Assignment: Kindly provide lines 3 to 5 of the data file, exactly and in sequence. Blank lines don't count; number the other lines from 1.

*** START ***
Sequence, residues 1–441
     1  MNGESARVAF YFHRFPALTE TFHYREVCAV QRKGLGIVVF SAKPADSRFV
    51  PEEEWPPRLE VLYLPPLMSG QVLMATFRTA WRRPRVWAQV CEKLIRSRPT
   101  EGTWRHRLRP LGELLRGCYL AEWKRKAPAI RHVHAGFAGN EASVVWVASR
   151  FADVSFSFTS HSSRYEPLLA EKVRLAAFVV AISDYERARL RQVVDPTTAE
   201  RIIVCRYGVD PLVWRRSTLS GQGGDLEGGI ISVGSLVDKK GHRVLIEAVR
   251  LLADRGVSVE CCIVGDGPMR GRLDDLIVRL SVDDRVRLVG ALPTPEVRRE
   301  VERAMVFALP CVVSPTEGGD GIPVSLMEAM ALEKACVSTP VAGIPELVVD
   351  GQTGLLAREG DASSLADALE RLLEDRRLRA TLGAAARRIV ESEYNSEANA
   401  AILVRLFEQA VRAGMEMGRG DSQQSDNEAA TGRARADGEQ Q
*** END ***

    51  PEEEWPPRLE VLYLPPLMSG QVLMATFRTA WRRPRVWAQV CEKLIRSRPT
   101  EGTWRHRLRP LGELLRGCYL AEWKRKAPAI RHVHAGFAGN EASVVWVASR
   151  FADVSFSFTS HSSRYEPLLA EKVRLAAFVV AISDYERARL RQVVDPTTAE